Vertex has top orphan asset in the pipeline, as pharma eyes shiny obesity drugs: report

Vertex’s cystic fibrosis triple combo is poised to become the top-selling orphan drug in terms of net present value, amid shifting sentiments in the pharma industry for rare disease drugs, according to Evaluate.

VX-121, or the “vanza triple,” which combines a new molecule called vanzacaftor with Vertex’s already approved CF meds tezacaftor and deutivacaftor, now heads up Evaluate’s new list of orphan drugs expected to be at the top in four years' time. The med has a net present value of $5.8 billion, with $1.26 billion in sales expected by 2028.

Sales for the triple will eat into Vertex’s own market share with the CF drug Trikafta, which is listed as the second-most valuable orphan in 2028 for approved meds with sales that could top $6 billion in that year. But Vertex can expect some savings, as the triple has fewer royalty payouts attached, according to Evaluate.

Vertex has only just nabbed the coveted title after Merck & Co.’s sotatercept was approved, removing it from the pipeline section of Evaluate’s annual ranking. That drug had a net present value of $9 billion and is now known as Winrevair. The drug did not make the approved orphan drug list with a projected $2 billion in sales for 2028. However, Merck has a few more indications up its sleeve that could boost those expectations with additional approvals down the line.

Behind Vertex is Johnson & Johnson’s nipocalimab, which the company refers to as a “pipeline in a product.” The drug just got an orphan drug tag in fetal and neonatal alloimmune thrombocytopenia (FNAIT), but that’s not the indication that helped land it in the number 2 slot on the pipeline list. Evaluate instead cited its more advanced indication, myasthenia gravis, a market that is growing ever more crowded. Nipocalimab’s net present value is $3.60 billion with predicted 2028 sales of $737 million.

Gene editing biotech Intellia Therapeutics snagged the third position with a net present value of $3.50 billion and sales of $891 million for 2028, which will be shared with partner Regeneron. If approved, Intellia would be the first company to have a drug approved that edits the cell’s genome within the body.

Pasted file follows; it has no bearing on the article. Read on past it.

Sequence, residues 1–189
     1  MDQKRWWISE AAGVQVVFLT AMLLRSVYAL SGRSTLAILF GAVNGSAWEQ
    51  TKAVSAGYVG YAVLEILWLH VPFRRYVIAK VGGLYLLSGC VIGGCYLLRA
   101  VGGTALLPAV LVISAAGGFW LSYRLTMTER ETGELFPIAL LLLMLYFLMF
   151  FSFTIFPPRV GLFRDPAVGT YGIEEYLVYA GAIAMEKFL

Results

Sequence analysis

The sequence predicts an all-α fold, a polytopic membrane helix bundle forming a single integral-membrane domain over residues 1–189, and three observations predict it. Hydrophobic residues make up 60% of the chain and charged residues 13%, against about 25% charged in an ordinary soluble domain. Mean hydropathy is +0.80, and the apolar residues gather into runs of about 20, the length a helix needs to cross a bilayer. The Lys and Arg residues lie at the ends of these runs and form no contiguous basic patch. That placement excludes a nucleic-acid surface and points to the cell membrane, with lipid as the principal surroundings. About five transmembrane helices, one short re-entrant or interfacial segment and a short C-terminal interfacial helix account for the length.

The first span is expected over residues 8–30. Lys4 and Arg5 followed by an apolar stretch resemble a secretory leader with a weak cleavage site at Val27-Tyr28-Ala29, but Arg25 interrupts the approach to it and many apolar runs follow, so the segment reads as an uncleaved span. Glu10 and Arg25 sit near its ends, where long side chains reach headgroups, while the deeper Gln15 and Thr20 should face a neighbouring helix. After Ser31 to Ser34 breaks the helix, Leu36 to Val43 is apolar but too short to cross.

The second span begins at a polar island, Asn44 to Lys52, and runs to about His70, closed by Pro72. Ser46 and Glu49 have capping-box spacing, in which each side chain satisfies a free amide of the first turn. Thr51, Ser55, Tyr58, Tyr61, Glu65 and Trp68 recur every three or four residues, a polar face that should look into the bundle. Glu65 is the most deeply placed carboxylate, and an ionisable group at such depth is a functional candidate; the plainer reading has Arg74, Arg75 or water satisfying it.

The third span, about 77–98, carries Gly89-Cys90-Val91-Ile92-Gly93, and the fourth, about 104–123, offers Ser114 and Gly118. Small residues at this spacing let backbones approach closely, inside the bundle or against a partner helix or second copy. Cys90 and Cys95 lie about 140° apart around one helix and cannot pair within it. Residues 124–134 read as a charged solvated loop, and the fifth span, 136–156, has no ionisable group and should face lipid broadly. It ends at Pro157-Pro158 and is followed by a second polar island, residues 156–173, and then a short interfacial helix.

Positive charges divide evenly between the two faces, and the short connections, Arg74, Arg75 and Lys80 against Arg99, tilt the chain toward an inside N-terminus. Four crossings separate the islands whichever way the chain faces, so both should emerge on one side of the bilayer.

Late last year, CRISPR Therapeutics and Vertex earned approval for Casgevy in sickle cell disease. The treatment uses CRISPR-Cas9 to edit stem cells outside the body and then put them back in to express the fetal version of hemoglobin. So it was the first gene editing approval, but a slightly different modality than what Intellia and Regeneron are going for.

Cancer drugs from Crinetics and Amgen take the final two slots on the list.

Also falling off the list this year due to approval was Sarepta’s gene therapy Elevidys, which was controversially granted accelerated approval last year in certain patients with Duchenne’s muscular dystrophy.

Overall, orphan drugs are expected to bring in $185 billion in sales this year, rising to $270 billion by 2028, according to Evaluate. But growth in orphan drug sales is expected to slow into the single digits after averaging 11% growth for the 10 years leading up to 2023. Evaluate blames this deceleration on the “blazing return” of huge drugs in major diseases. Read: obesity.

“Obesity has captured the most attention, but emergent blockbusters across immunology and neurology are also drawing in R&D dollars as Big Pharma look to plug patent expiry holes,” the report said.

Another major interest is neuroscience where major breakthroughs have occurred, and huge deals are being made to capture the biotechs working in the space. Bristol Myers Squibb bought Karuna Therapeutics and its schizophrenia med KarXT for $14 billion while AbbVie picked up Cerevel for $8.7 billion, all at the end of 2023.